Kazia Therapeutics Ltd (ASX:KZA) has released a poster presentation of interim data from the ongoing phase II study of paxalisib (formerly GDC-0084) in glioblastoma, the most common and most aggressive form of primary brain cancer.
The data showing positive overall survival signal was a feature of Kazia's poster presentation during the prestigious American Society of Clinical Oncology (ASCO) annual meeting which was held virtually at the weekend due to the COVID-19 pandemic.
This meeting is one of the premier scientific conferences in the world for research and treatment of cancer and is typically attended by more than 30,000 clinicians, researchers, industry executives, and patient advocates.
Increased overall survival
Analysis of Stage 1 of the study (n=9) shows median overall survival (OS) of 17.7 months, which compares favourably with temozolomide, the existing standard of care, which has a reported median OS of 12.7 months in this patient population
The study also demonstrated a progression-free survival (the ability of a drug to slow the growth of a tumour) in Stage 1 of 8.4 months, which represents a clinically material advantage over the 5.3 months associated with temozolomide.
Kazia chief executive officer Dr James Garner said the company was pleased to be able to share the ‘extremely promising data’ with clinicians in the virtual American Society of Clinical Oncology annual meeting.
He said: “We are pleased to be able to share these extremely promising data with clinicians and partners, albeit in the novel forum of a virtual academic meeting.
“As we have previously said, the gold standard for any new cancer drug is the ability to extend life, and we are seeing evidence from this study that paxalisib may achieve this very challenging goal.
“We expect to begin recruitment to the international GBM AGILE pivotal study in the second half of this year.
“In the meantime, we expect several further data read-outs over the next two quarters.”
Before losing patent protection, the FDA-approved standard of care, temozolomide achieved peak sales in excess of US$1 billion per annum, which provides an indication of the commercial opportunity associated with a new treatment for glioblastoma.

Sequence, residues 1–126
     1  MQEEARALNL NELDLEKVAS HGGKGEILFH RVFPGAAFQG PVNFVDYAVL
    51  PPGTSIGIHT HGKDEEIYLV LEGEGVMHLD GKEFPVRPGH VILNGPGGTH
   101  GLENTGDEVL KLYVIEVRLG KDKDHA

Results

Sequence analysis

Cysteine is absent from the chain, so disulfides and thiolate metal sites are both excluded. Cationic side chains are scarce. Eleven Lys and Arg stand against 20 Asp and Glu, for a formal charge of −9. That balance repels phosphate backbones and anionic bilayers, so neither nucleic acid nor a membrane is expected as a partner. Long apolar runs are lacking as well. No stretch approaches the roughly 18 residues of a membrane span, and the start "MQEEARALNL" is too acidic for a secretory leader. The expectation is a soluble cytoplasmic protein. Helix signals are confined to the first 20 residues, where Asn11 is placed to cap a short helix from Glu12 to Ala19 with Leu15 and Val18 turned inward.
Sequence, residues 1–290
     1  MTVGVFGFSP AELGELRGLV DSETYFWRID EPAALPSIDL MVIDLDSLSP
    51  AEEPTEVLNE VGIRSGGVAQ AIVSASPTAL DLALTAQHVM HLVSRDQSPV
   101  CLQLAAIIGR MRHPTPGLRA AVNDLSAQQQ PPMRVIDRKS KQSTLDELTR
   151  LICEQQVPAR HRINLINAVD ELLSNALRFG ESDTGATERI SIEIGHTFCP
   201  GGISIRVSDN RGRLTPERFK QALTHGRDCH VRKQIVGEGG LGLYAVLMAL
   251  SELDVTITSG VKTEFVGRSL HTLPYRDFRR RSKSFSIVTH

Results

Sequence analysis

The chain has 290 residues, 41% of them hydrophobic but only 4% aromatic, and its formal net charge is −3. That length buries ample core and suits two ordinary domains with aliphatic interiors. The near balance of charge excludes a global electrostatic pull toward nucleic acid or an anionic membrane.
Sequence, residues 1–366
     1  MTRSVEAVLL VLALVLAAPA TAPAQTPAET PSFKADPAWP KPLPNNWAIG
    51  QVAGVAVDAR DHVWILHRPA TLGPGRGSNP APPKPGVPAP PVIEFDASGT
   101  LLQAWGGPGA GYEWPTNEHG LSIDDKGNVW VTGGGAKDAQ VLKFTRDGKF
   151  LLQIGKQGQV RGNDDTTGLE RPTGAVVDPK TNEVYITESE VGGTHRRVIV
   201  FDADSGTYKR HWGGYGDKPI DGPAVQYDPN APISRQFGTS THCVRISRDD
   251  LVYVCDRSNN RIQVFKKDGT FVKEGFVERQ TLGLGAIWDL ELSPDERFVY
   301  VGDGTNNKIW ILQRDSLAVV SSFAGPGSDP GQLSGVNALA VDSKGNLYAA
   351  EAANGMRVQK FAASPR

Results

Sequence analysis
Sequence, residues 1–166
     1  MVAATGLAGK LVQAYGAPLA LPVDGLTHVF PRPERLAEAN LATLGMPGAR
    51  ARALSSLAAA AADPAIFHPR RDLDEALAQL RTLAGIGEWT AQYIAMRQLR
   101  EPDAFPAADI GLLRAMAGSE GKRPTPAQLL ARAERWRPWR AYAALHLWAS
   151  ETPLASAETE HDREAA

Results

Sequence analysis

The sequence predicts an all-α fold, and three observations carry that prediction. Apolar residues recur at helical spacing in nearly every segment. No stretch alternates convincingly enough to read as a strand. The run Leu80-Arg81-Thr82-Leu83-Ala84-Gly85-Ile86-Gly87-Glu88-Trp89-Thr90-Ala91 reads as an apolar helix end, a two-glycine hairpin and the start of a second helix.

The Kazia study is being conducted in newly diagnosed glioblastoma patients, following surgery and radiotherapy.
Only those patients with an unmethylated MGMT promotor have been recruited.
This genetic marker renders patients effectively resistant to temozolomide and is present in approximately two-thirds of patients.
Thirty patients were enrolled to this study, comprising nine in Stage 1 and 21 in Stage 2.
The company notes that comparison between different studies is always imprecise - but is confident that the magnitude of the numerical difference provides powerful evidence that treatment with paxalisib may extend life in this patient group.
In addition to the paxalisib poster in Abstract 2550 (NCT03522298), abstracts were presented by the Global Coalition for Adaptive Research on the GBM AGILE clinical trial and by the Alliance for Clinical Trials in Oncology on their genomically-guided study in brain metastases, in which paxalisib is one of three participating drug candidates.
The phase II study remains ongoing with approximately half of the total enrolled patient population still receiving drug at the time of analysis and several additional patients still in follow-up.
Kazia expects to complete the study in the first half of 2021.
The lead author on the poster presentation, Dana-Farber Cancer Institute Professor Patrick Wen said: “We anticipate paxalisib will move into a pivotal study later this year and look forward to reviewing further data as it emerges.”
In addition to this phase II study in glioblastoma, four other studies are underway with paxalisib in different forms of brain cancer and it is anticipated that several of these will provide initial efficacy data during 2020.